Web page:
What is Port Scanning? – Port Scanning is the name for the technique used to identify open ports and services available on a network host. It is sometimes utilized by security technicians to audit computers for vulnerabilities, however, it is also used by hackers to target victims. It can be used to send requests to connect to the targeted computers, and then keep track of the ports which appear to be opened, or those that respond to the request.
TCP Connect / Full Open Scan
TCP Connect scan detects when a port is open by completing the three-way handshake.
TCP Connect scan esatblishes a full connection and tears it down by sending a RST packet.
It does not require super user privileges.
Stealth Scan ( Half-Open Scan)
Stealth scan involves resetting the TCP connection between client and server abruptly before completion of three-way handshake signals making the connection half open.
Attackers use stealth scanning techniques to bypass firewall rules, logging mechanism, and hide themselves as usual network traffic.
Stealth Scan Process
- The client sends a single SYN packet to the server on the appropriate port.
- If the port is open then the server responds with a SYN/ACK packet.
- If the server responds with an RST packet, then the remote port is in the “closed” state.
- The client sends the RST packet to close the initiation before a connection can ever be established.
Inverse TCP Flag Scanning
Attacker send TCP Probe packets with a TCP flag (FIN,URG,PSH) set or with no flags , no response means port is open and RST means the port is closed.
In Xmas scan, attackers send a TCP frame to a remote device with FIN, URG and PUSH flags set.
Fin Scan works only with OSes with RFC 793-based TCP/IP Implementation.
It will not work against any current version of Microsoft Windows.
ACK Flag Probe Scanning
Attackers send TCP Probe packets with ACK flag set to a remote device and then analyzes the header information (TTL and Window field) of received RST packets to find whether the port is Open or Closed.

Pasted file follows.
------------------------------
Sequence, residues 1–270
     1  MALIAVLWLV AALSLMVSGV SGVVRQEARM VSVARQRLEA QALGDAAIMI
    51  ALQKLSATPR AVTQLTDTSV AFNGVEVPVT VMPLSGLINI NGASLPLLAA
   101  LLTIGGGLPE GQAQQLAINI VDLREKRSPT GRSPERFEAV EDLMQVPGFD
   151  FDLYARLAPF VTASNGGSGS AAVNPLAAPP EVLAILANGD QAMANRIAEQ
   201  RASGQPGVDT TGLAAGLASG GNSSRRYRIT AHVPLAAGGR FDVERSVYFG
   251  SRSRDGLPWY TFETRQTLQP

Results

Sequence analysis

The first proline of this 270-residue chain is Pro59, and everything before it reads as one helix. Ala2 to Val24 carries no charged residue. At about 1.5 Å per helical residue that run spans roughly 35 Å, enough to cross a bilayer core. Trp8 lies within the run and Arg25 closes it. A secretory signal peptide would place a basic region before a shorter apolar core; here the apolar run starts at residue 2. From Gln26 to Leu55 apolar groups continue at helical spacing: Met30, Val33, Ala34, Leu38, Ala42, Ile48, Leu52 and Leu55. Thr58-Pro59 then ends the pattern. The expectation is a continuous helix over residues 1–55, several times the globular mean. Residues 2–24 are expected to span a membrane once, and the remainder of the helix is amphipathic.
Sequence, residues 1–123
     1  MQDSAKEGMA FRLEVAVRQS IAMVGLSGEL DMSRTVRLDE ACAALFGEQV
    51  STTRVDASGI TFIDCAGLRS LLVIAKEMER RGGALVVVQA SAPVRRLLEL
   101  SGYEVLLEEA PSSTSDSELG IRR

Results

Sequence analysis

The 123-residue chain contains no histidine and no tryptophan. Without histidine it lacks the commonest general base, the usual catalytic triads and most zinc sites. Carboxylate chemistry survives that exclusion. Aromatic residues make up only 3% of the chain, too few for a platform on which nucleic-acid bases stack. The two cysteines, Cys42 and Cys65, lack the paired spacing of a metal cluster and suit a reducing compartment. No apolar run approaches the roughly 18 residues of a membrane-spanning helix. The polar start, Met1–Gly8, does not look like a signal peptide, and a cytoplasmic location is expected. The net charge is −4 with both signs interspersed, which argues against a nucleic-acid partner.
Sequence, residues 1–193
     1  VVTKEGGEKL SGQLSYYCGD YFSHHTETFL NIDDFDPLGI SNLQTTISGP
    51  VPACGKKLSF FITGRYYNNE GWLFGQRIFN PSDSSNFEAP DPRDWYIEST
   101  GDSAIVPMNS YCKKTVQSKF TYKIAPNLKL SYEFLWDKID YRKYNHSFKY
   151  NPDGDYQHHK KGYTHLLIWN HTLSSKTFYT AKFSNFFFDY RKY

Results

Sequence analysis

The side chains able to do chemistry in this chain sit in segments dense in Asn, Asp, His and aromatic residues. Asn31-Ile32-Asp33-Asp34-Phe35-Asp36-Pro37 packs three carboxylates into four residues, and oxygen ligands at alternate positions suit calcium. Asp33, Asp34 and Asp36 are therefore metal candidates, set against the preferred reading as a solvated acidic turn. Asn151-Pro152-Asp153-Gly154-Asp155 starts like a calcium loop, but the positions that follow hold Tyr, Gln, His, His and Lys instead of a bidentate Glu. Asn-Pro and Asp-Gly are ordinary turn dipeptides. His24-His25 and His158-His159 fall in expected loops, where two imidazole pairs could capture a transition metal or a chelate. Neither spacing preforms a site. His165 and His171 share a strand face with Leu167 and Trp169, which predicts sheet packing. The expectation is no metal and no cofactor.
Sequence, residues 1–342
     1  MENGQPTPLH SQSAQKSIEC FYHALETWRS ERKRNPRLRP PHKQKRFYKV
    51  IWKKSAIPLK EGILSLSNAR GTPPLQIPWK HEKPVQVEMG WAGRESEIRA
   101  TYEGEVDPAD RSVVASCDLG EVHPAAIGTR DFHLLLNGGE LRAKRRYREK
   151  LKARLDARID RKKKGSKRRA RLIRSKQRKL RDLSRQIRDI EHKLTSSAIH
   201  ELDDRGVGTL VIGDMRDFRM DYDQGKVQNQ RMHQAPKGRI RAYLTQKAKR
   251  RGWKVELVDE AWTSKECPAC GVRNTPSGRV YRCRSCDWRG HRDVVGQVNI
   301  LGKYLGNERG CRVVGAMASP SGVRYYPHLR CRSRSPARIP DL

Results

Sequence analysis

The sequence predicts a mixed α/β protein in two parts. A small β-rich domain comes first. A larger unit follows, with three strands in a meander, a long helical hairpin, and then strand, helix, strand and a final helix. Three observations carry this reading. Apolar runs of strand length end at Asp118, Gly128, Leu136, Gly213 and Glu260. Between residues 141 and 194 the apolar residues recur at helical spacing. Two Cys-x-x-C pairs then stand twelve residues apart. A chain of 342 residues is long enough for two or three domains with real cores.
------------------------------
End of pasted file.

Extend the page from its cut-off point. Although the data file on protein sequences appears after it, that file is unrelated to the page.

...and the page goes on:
ACK flag probe scanning can also be used to check the filtering system of target.
Attackers send an ACK probe packet with random sequence number, no response means port is filtered (statefull firewall is present) and RST response means the port scanning is not filtered.
IDLE /IPID Header Scan
Most Network servers listen on TCP ports, such as web servers on port 80 and mail servers on port 25. Port is considered “Open” if an application is listening on the port.
One way to determine whether a port is open is to send a “SYN”(session establishment) packet to the port.
The target machine will send back a “SYN/ACK” (session request acknowledgement) packet if the port is open, and an “RST” (Reset) packet if the port is closed.
A machine that recieves an unsolicited SYN/ACK paket will respond with an RST. An unsolicited RST will be ignored.
Every IP packet on the internet has a “fragment identification” number (IPID).
OS increments the IPID for each packet sent, thus probing an IPID gives an attacker the Number of packets sent since last probe.
UDP Port Open
There is no three-way TCP handshake for UDP scan.
The system does not respond with a message when the port is open.
UDP Port Closed
If a UDP packet is sent to closed port, the system responds with ICMP port unreachable messages.
Spywares, Trojan horses, and other malicious application use UDP ports.
ICMP Echo Scanning
This is not really port scanning, since ICMP does not have a port abstraction.
But it is sometimes useful to determine which hosts in a network are up by pinging them all.
nmap -P [target]
ICMP List Scan
This type of scan simply generates and prints a list of IPs/Names without actually pinging them.
A reverse DNS Resolution is carried out to identify the host names.
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